Human tissue legislation in South Africa: Focus on stem cell research and therapy

Michael Sean Pepper, M Nőthling Slabbert


The South African (SA) legislative framework follows a hierarchical structure aligned with the relevant level of government (national, provincial or local) responsible for applying and monitoring the legislation, with the overarching and progressive Constitution as the supreme law. Delegated legislation (also known as secondary or subordinate legislation, e.g. regulations) ‘adds flesh’ to Acts of Parliament, or other forms of original legislation. The control and use of human tissue in South Africa is primarily governed by the National Health Act and relevant regulations, although other national acts, in differing degrees, are also relevant to this complex field. These include, among others, the Medicines and Related Substances Act, the Consumer Protection Act, the Children’s Act and the Inquest Act. Regulations generally only require ministerial and not parliamentary approval and are therefore (theoretically) easier to amend. In principle, the drafting of Acts should be preceded by policy documents, which contain broad foundational guidelines or a statement of intent in the area in question. Another useful source in the interpretation of legislation, albeit not officially recognised as legislation, is guidelines (sometimes referred to as standards), that may provide greater granularity than the regulations. Although neither policy documents nor guidelines are directly legally binding, a lack of compliance with the latter may have legal significance. In this article, the components of the hierarchical structure relevant to the legal regulation of human tissue in SA will be examined, with a specific focus on stem cell research and therapy. A critical analysis of the accuracy, relevance, redundancy and completeness (or lack thereof) of these components will be provided. Furthermore, recommendations outlining the procedures that should be undertaken to remedy the inadequacies of the current legislative framework will be suggested. Given the well-defined structure of this framework and the relative youth of human tissue legislation in SA, the legislator has an opportunity to mirror the values and principles embodied in the Constitution by addressing these inconsistencies, and in the process develop a globally-applicable and appropriate legislative model in the fields of stem cell research and therapy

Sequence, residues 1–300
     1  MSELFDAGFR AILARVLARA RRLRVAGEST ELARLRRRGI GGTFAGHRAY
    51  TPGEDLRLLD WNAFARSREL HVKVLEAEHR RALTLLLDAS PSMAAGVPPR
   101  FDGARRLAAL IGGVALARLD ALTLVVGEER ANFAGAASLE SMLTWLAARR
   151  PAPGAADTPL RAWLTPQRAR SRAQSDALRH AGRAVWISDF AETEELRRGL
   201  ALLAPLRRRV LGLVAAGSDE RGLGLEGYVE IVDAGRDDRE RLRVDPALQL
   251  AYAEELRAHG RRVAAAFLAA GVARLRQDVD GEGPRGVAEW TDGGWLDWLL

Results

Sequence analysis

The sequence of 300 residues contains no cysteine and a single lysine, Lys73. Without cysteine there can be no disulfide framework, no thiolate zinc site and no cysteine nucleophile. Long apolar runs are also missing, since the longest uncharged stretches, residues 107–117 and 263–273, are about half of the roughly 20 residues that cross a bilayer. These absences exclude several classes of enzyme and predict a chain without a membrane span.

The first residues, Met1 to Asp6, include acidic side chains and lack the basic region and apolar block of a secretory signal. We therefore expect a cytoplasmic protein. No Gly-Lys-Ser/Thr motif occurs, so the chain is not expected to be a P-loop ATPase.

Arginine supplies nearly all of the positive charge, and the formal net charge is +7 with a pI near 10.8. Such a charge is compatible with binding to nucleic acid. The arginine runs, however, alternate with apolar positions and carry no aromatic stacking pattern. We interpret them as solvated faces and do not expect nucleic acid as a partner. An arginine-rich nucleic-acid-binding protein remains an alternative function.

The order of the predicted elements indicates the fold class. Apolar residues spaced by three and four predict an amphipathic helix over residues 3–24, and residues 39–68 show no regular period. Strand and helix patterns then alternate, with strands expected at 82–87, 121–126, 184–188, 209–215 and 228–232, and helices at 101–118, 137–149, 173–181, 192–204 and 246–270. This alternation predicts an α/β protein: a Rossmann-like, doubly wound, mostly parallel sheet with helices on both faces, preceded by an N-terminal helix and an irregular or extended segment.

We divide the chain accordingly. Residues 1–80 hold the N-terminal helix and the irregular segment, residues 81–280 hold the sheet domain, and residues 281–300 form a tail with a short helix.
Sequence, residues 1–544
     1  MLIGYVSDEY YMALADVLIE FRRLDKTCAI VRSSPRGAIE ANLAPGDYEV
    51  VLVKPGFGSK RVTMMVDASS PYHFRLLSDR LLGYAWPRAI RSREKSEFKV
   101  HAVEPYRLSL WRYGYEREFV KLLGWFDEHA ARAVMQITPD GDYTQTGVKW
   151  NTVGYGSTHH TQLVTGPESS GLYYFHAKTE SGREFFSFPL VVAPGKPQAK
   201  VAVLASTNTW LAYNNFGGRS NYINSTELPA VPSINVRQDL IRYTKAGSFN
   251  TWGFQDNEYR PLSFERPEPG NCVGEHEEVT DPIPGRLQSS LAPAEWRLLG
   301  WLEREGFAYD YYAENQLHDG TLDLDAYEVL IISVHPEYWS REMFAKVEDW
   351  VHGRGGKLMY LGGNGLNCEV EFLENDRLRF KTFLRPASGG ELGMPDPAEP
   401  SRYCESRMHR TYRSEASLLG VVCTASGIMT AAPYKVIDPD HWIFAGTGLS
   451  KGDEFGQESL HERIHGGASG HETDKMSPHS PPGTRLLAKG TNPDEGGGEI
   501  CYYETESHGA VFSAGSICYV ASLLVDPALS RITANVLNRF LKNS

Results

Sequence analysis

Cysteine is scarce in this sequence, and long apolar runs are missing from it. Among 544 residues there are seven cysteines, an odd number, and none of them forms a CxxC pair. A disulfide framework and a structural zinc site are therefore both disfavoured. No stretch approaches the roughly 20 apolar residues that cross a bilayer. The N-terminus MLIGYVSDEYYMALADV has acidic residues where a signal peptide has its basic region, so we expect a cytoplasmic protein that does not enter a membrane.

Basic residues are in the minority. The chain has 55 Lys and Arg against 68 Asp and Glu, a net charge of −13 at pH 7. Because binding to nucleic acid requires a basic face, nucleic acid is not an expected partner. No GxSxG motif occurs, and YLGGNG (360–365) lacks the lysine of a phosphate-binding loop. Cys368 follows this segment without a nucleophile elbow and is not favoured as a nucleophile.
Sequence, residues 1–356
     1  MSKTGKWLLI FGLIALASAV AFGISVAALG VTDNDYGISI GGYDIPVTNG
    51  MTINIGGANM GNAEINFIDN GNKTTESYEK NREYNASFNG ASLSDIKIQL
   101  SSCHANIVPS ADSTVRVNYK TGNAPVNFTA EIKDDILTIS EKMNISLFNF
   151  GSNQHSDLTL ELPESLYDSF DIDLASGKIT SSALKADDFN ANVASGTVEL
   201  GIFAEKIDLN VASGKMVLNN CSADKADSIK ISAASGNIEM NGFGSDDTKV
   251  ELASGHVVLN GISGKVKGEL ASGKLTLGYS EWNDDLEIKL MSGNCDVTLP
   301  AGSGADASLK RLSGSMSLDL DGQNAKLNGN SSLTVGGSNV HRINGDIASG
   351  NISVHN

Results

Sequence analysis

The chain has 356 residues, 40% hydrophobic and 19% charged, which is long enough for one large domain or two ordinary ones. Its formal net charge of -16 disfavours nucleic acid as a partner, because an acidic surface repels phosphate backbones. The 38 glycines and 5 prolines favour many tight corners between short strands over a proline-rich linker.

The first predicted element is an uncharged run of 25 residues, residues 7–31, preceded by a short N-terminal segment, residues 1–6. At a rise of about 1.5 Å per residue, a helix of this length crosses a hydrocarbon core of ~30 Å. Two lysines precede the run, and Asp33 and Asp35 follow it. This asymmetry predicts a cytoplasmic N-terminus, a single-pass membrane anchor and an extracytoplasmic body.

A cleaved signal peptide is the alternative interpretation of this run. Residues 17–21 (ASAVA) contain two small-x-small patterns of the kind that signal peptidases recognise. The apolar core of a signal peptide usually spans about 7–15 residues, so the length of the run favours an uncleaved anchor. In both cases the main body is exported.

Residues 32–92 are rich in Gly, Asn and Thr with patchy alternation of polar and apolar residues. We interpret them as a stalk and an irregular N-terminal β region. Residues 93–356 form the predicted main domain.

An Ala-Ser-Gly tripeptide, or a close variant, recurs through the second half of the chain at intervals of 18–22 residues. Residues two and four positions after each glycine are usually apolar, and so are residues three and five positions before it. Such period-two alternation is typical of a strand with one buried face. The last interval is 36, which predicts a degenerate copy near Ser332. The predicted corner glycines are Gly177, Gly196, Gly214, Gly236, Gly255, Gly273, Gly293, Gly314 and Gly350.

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South African Journal of Bioethics and Law 2015;8(2):4. DOI:10.7196/SAJBL.8008

Article History

Date submitted: 2015-04-06
Date published: 2015-09-16

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